Who was Daniel Webster?
Lawyer, orator and politician, Daniel Webster was one of the United States’ most famous and accomplished people in the 19th century. But what made him so special and how did he help change America?
What is the Mayflower Compact?
A short agreement by the Pilgrims and other colonists on board the Mayflower set in motion a system of government that inspired our country’s founding documents.
Muckrakers… or Investigative Journalists?
An essential part of any functioning democracy – the press helps to make governments accountable for their actions; but when the first investigative reporters started working in the United States, not everyone saw them as a good thing.
Museum of Artifacts That Made America
Madeleine Albright’s Brooches
The U.S.’s first female Secretary of State used her collection of brooches to get her point across when meeting with foreign leaders, a practice that became known as “Pin Diplomacy.”
Lunch Counter Stools
In 1960, four Black students staged a sit-in in Greensboro, North Carolina to protest against racial segregation in the United States. The stools they sat on are the most visited artifacts at the International Civil Rights Center and Museum.
The Cannon: How The Cannon Revolutionised The Way Battles Were Fought
Long range, high calibre weapons – the cannon helped propel the Union to victory. But how did the technological advances that took place during the Civil War change the game?
Yarrow Mamout: From Slavery to Financier
African Muslim Yarrow Mamout rose from a life of slavery to become a popular businessman in Washington, D.C. Artist Charles Willson Peale painted his portrait and discovered his incredible story.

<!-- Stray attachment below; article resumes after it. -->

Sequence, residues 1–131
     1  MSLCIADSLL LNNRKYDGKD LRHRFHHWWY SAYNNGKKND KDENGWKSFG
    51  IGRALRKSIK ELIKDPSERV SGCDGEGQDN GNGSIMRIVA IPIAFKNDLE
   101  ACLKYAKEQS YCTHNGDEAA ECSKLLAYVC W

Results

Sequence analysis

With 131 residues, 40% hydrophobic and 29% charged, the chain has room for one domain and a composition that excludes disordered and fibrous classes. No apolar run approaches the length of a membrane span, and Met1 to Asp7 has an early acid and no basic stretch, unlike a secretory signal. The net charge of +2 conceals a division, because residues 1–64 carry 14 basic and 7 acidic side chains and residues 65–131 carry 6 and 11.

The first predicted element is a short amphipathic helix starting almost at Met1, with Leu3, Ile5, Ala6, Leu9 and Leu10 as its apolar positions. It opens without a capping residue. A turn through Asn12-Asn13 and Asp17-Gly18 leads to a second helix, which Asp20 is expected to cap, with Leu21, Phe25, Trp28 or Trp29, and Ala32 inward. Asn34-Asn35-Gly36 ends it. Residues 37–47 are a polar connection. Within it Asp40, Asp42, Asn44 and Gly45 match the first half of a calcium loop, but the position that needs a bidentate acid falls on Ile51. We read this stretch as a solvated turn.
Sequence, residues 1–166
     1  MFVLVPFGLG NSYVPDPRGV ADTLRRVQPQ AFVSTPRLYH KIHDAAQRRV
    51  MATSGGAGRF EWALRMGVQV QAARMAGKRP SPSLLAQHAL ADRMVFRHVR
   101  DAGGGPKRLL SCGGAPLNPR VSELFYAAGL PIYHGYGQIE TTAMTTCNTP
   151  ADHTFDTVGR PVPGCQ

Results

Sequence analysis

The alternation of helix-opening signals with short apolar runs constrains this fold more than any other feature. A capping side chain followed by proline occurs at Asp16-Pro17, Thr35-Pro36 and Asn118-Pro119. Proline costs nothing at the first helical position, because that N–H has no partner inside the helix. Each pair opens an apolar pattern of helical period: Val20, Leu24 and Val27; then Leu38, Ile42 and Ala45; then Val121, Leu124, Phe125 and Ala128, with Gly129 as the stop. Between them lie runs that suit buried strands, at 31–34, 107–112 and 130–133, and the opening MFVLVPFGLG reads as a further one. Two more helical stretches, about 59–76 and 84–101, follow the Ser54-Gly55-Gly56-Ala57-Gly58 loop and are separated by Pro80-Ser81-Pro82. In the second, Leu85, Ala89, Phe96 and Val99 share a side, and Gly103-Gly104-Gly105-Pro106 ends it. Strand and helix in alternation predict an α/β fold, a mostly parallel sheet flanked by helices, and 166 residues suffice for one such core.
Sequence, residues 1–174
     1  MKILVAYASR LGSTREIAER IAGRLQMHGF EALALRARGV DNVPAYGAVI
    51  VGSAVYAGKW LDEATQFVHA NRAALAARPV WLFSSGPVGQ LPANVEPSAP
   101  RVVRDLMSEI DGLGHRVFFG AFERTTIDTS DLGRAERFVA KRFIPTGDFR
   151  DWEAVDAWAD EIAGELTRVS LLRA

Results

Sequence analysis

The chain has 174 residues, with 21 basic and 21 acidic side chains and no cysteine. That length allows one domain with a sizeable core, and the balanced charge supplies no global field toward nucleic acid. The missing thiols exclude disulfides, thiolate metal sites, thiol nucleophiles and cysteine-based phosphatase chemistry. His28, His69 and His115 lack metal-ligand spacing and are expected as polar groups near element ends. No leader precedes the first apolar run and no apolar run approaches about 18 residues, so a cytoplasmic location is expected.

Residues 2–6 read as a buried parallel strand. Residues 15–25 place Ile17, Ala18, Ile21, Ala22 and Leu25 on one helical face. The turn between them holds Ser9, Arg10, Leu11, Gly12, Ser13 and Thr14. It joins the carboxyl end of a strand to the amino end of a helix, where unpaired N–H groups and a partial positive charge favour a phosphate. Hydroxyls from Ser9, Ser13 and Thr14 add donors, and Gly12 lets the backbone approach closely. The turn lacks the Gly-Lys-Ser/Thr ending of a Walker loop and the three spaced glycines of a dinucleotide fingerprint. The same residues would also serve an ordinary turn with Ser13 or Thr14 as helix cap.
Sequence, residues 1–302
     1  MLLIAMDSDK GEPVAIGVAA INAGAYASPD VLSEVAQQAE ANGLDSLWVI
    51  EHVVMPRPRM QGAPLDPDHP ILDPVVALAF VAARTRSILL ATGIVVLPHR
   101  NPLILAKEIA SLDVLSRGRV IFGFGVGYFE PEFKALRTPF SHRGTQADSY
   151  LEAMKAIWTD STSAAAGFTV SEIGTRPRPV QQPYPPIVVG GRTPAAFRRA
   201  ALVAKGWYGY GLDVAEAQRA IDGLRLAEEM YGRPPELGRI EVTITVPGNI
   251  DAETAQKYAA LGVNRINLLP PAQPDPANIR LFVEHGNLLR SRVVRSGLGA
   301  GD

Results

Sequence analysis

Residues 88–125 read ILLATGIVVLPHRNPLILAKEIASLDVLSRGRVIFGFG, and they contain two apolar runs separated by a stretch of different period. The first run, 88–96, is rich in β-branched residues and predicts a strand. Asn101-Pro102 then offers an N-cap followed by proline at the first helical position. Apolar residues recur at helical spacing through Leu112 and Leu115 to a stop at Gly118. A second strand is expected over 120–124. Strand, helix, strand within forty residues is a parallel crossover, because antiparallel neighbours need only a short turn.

Sandra Day O’Connor: “Don’t Take the Bait”
The first female justice in the U.S. Supreme Court’s 191-year history, Sandra Day O’Connor succeeded in a man’s world by never letting sexism stand in her way.
Martha Gellhorn: The War Correspondent who Covered D-Day
One of the United States’ finest war correspondents, Martha Gellhorn battled sexism and misogyny to report on the D-Day landings during the Second World War.
Women and the American Story
Katherine Johnson: Trailblazing NASA Mathematician
At a time when American space exploration was dominated by men, mathematician Katherine Johnson broke through gender and racial barriers to help change our understanding of the cosmos forever.
Patsy Mink: Groundbreaking Congresswoman
What do you think of when you picture Title IX? Inequality has plagued America’s youth for generations. Patsy Mink, a then young Japanese-American, vowed to change the system forever.
Pauli Murray: Breaking Barriers of Race and Gender
As a queer Black lawyer, poet and civil rights activist, Pauli Murray understood how our different identities can overlap to create multiple levels of discrimination. Her groundbreaking work in championing equality for all helped change America for the better.
David Pharaoh Asserts Indigenous Rights
Montaukett leader David Pharaoh fought for indigenous land rights – and established a lasting legacy as the founder of America’s first Montaukett school.
Wong Kim Ark’s Fight for Birthright Citizenship
By taking on the US government and winning, Wong Kim Ark ensured that the 14th Amendment to the US Constitution granted citizenship to every American by birth, regardless of their race or ethnicity.
Frances Ellen Watkins Harper’s Pursuit of Absolute Equality
The story of Frances Ellen Watkins Harper: writer, abolitionist and early pioneer of the concept of intersectionality,
Art That Changed America
The Federal Art Project and The New Deal
Thanks to Franklin D. Roosevelt’s ambitious New Deal plan, American artists were able to keep working during the Great Depression. The work they produced remains a key part of the American landscape.